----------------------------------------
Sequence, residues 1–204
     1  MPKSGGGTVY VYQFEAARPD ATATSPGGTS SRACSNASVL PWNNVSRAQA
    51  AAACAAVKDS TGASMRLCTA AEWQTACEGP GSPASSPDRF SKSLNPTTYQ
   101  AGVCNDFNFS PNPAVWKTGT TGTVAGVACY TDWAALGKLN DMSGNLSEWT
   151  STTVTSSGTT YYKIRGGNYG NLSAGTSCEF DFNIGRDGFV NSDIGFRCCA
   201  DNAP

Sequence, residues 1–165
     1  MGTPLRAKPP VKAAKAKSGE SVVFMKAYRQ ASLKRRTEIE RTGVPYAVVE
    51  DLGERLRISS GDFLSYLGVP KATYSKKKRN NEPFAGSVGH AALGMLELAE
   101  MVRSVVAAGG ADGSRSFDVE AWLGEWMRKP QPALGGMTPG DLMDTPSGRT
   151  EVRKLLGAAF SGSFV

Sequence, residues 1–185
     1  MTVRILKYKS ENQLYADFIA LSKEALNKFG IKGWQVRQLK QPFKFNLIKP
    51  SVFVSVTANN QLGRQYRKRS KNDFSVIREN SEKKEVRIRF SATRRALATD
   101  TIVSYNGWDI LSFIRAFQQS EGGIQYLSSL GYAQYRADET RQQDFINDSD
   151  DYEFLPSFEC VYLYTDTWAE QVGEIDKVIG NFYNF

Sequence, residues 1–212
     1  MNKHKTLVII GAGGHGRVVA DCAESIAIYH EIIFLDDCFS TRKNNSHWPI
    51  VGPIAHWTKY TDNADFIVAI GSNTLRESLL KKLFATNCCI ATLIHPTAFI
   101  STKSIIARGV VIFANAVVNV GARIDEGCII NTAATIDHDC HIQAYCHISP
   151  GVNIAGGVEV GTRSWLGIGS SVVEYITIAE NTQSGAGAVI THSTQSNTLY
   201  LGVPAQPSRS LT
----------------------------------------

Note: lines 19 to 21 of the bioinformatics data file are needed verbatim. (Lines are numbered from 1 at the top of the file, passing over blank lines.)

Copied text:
    51  VGPIAHWTKY TDNADFIVAI GSNTLRESLL KKLFATNCCI ATLIHPTAFI
   101  STKSIIARGV VIFANAVVNV GARIDEGCII NTAATIDHDC HIQAYCHISP
   151  GVNIAGGVEV GTRSWLGIGS SVVEYITIAE NTQSGAGAVI THSTQSNTLY